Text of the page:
“I think the economy will respond pretty strongly, and we’ll see a strong rebound,” Bostic said. “Right now, my team and I, our models project that will start more robustly in the summertime.”
In the meantime, however, the economy will likely need still more help, he said. And he tempered optimism by warning of continued risks, including financial “scarring” of households and a widening skills mismatch between jobless Georgians and new job openings.
With the pandemic triggering unprecedented layoffs and business closures, Congress in March provided fiscal aid in the form of loans to businesses and payments to households. As the nation’s central bank, the Fed’s role is primarily monetary, and it has aggressively cut interest rates and backstopped loans.
Bostic was named Atlanta Fed president in June 2017 when the economy was growing and unemployment was low. Nearly three years later, the pandemic slammed the brakes on the economy, slashing gross domestic product by more than 30% as many businesses shut down and workers stayed home. Activity rebounded as many restrictions were lifted, but some sectors remain virtually crippled — especially those that relay on in-person spending.
Only when people have assurance that their health is not at risk from the virus, are they expected to return to restaurants, concerts, hotels, bars and travel.
The nation still has about 10 million fewer jobs than before the pandemic. Georgia has about 139,000 fewer jobs now than in February. That damage is not spread evenly: Much of the loss has been among blue-collar workers that can least afford extended income loss.
“We have a lot of families and businesses right now that are in a precarious position,” Bostic said.
In the past year, the number of Georgia jobs paying less than $27,000 has plunged nearly 20%, according to researchers at Harvard who have been tracking the recovery. Jobs in leisure and hospitality are down 24% since the pandemic started, according to the researchers.
Yet Bostic thinks it could be much worse and that the CARES Act provided crucial benefits that kept many families out of poverty and prevented a tidal wave of evictions.
“There have been a number of studies and almost all of them I’ve seen show that prompt and vigorous action by the Congress and state and local governments — eviction moratorium, that sort of thing — all made a huge difference,” he said. “And for those who say Congress can’t get anything done, they actually got something big done and it made a big difference.”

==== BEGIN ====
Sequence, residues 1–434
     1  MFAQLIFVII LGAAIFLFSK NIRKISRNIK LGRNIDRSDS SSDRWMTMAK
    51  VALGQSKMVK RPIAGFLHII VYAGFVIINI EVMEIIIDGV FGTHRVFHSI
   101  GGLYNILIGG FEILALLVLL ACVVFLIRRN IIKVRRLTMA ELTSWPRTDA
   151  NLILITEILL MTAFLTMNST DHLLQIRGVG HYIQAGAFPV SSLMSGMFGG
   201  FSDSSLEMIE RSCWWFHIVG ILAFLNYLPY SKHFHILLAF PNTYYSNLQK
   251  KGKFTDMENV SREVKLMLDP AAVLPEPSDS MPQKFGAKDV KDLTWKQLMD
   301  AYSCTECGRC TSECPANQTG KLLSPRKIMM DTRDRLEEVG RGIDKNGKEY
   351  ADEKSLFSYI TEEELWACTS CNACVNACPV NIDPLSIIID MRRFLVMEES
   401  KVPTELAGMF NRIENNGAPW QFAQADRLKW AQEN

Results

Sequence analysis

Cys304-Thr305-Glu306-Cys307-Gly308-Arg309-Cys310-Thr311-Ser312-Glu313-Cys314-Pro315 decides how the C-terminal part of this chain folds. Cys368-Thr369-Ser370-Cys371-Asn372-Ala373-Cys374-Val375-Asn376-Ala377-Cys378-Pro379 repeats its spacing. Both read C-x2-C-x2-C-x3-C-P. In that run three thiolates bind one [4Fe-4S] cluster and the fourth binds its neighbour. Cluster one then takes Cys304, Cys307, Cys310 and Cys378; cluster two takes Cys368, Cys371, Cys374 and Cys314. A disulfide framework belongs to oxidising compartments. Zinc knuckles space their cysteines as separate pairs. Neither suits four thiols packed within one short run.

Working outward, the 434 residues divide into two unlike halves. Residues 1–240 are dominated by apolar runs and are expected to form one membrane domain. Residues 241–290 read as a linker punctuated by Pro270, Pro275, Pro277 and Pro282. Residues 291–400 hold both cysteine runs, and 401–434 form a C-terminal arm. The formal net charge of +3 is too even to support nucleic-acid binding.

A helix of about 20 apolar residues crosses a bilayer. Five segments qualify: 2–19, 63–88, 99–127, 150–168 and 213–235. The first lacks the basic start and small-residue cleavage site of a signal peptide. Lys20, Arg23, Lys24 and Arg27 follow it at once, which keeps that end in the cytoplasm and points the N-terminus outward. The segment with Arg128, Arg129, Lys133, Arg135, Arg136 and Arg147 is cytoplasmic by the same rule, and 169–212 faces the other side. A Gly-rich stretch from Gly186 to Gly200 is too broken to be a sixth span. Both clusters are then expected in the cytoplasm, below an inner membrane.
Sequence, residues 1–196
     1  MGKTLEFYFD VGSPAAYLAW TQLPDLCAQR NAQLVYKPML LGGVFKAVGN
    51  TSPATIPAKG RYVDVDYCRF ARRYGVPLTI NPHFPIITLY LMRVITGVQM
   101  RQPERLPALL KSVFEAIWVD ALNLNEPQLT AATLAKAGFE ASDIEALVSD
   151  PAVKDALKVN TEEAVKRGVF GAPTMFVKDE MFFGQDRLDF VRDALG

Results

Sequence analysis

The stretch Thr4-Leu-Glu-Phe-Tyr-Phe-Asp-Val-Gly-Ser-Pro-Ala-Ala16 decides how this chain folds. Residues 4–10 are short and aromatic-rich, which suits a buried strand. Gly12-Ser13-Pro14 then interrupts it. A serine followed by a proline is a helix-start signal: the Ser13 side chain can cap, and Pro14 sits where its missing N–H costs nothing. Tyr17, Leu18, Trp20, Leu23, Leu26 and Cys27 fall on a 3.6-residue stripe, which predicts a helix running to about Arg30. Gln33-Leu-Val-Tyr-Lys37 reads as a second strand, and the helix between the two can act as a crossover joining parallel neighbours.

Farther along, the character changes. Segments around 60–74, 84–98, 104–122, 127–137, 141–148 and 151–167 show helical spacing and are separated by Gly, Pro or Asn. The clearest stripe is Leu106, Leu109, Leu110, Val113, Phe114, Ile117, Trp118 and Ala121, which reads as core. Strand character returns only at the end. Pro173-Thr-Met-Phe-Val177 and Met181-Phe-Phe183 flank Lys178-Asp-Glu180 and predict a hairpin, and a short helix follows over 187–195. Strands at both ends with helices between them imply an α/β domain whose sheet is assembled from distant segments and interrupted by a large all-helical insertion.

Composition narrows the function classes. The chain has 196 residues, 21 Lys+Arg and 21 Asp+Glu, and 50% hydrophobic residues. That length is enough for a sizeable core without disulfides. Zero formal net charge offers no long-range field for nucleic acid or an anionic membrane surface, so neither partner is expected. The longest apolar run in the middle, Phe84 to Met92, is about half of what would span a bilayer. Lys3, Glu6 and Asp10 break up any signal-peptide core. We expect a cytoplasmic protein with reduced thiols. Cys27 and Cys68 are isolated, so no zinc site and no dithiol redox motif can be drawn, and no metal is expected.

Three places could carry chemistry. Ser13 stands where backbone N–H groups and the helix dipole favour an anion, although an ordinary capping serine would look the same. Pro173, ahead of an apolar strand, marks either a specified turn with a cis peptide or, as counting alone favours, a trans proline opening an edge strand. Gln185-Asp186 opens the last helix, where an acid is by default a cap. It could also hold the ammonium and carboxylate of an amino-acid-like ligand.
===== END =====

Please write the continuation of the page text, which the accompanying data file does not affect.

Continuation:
With unemployment still high and growth apparently stalling out, Congress passed another relief package in late December, a mix of benefits that runs into March.
The aim is to keep households financially afloat until the economy recovers enough for them to find work. The fear is that the help might not keep them above water — or might lapse too soon.
“A lot of people ask, ‘Is this enough?’” Bostic said. “It’s hard to know because we’ve never been through anything like this before.”
The Fed has taken a series of often-aggressive measures to prop up the economy during the pandemic, including loans to banks, backstopping some financial markets and loosening regulations.
Bostic, a member of the Fed’s rate-setting committee, which has pushed interest rates to record lows, is comfortable with the central bank’s position. “I think our policy right now is in a good place.”
A retreat from those measures is coming, but only as the economy grows stronger, he said. “So much of this will depend on what the facts on the ground are when we get there. If (the economy) comes back super-strong, it’s warranted to start having a conversation about how we get out of our more emergency position stance.”
Fed officials will talk publicly about that retreat for a long time before actually backing away, he said. “We should signal that we are talking about these things well before we’re planning on actually making the move.”
There is a more insidious, longer-term danger: What if the pandemic is reshaping the economy in ways that leave many workers without the skills that will get them decent jobs? That is a kind of economic “scarring” that does permanent damage to households as well as the larger economy, he said.
“Well, that’s a concern,” Bostic said. “That is why we are working so hard around issues of workforce development.”
The Atlanta Fed has created a Center for Workforce and Economic Opportunity aimed at providing information about what skills are in increasing demand and offering resources for how to get those skills.
Right now, the future is especially hard to read. Even as the economy struggles from pandemic to vaccine and — perhaps — normality, the questions pile up: How quickly will the vaccines be distributed? How effective will they be? Can the virus be conquered? And will consumers feel confident enough to return to old habits? Can businesses expect current demand for their goods and services to last?
The result now is a hesitation to make investments or hire, a prudence signaled by a reliance on temp workers rather than permanent hiring.
“A lot of business leaders have seen these spikes in demand, because there’s so much swirl, they are not sure they are solid, they’re not sure they are going to endure,” Bostic said. “One thing I learned in Economics 101 is that business hates uncertainty. Everybody hates uncertainty.”